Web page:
When was this poem composed? How did it start?

This poem was composed in 2013. I was writing a collection of poems that responded to scientific texts and letters from the 17th and 18th centuries in Europe. The anecdote about Cosimo de Medici visiting Jan Swammerdam’s curiosity cabinet is taken from Renaissance and Revolution: Humanists, Scholars, Craftsmen and Natural Philosophers in Early Modern Europe, edited by J.V. Field and Frank A.J.L. James. I also discovered a webcam from the Florida Museum of Natural History, where you could follow rain-forest butterflies during their process of metamorphosis.

How many revisions did this poem undergo? How much time elapsed between the first and final drafts?

This was not a poem that fell from the sky; I am sure I drafted the poem at least twenty times. I wrote the first draft in 2013 and the final draft sometime before it was first published in 2015.

Do you believe in inspiration? How much of this poem was “received” and how much was the result of sweat and tears?

I absolutely believe in inspiration. Actually, sometimes I have to learn to tame my inspiration urge, so as not to constantly write poems on subjects that are inherently “poetic.” I believe it is important to write to my cultural moment and my own personal experience, and I like to put pressure on myself to invent. One thing I love about the scientific texts I explore is their language. Centuries-old science that now may seem outdated to us was filled with moments of shock and wonder for scientists then. I love to mine these texts for diction that I may not have otherwise used, so I would say that I did “receive” the gift of their language and astonishment. I do feel I have “received” poems from the poetry gods before, but this is not one of them. Yes—sweat and tears galore, with this poem and so many others. But I live for that outpouring.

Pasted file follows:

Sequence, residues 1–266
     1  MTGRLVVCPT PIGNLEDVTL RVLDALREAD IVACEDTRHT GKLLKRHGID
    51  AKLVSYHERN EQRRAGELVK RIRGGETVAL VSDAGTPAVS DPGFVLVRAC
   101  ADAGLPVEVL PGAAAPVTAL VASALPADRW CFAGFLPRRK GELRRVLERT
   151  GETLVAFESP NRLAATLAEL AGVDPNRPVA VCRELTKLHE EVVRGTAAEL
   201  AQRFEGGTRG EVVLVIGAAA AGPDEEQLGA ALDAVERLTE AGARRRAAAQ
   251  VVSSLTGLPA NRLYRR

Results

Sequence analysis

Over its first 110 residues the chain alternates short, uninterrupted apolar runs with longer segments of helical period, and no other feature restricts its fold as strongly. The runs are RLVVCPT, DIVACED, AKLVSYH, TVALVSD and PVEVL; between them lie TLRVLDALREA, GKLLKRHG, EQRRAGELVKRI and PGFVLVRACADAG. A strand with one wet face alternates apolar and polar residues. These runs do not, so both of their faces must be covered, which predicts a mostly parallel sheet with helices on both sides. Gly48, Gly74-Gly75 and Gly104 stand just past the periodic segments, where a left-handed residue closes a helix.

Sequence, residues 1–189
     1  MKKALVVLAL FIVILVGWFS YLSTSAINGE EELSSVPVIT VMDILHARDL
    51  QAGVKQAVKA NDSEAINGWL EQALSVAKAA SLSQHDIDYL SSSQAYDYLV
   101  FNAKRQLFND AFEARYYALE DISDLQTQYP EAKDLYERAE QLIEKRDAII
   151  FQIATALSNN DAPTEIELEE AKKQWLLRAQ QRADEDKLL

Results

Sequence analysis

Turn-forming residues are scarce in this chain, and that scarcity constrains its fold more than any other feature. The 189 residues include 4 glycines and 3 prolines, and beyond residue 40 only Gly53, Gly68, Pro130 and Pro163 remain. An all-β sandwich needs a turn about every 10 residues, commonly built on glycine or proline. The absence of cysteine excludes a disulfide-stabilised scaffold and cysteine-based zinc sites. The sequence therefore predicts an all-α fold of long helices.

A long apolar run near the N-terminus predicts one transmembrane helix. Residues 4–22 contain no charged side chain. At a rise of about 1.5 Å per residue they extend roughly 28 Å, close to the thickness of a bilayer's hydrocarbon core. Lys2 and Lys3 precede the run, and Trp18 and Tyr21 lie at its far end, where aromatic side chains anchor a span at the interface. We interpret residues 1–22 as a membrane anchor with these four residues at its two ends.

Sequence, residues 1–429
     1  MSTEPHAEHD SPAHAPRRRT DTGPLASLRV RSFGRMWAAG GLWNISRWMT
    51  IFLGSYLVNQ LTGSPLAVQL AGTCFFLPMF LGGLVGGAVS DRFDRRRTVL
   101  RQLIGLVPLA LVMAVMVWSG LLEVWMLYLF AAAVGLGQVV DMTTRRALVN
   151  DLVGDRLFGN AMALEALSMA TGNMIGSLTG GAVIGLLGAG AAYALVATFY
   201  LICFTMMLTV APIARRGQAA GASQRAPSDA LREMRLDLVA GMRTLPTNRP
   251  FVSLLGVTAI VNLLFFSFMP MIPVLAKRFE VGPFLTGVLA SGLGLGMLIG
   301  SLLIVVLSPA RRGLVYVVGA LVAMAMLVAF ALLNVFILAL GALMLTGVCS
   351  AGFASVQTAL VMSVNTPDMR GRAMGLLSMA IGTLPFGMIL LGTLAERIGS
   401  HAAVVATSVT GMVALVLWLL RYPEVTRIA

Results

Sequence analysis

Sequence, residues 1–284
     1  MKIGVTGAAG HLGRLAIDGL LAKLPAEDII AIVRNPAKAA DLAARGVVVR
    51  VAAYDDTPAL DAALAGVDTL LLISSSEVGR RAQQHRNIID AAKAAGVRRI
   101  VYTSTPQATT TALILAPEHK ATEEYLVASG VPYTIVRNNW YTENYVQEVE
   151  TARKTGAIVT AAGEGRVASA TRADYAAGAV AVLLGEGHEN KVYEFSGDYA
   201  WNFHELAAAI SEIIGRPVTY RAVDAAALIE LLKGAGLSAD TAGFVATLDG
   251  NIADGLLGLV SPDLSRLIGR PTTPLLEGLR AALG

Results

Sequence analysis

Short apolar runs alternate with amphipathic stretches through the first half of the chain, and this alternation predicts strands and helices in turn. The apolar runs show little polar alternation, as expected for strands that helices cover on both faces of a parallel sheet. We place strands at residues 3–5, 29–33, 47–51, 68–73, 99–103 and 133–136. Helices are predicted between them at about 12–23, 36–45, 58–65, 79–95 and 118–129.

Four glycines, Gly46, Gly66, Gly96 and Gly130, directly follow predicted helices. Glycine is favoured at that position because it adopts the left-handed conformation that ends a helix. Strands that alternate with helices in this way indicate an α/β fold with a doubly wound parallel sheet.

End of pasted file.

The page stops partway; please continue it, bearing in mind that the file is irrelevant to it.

How did this poem arrive at its final form? Did you consciously employ any principles of technique?

Often, I’ll give myself rules for a poem that refuses to be contained. With this one, I didn’t though—pardon the awful pun—I just let it fly.

Was there anything unusual about the way in which you wrote this poem?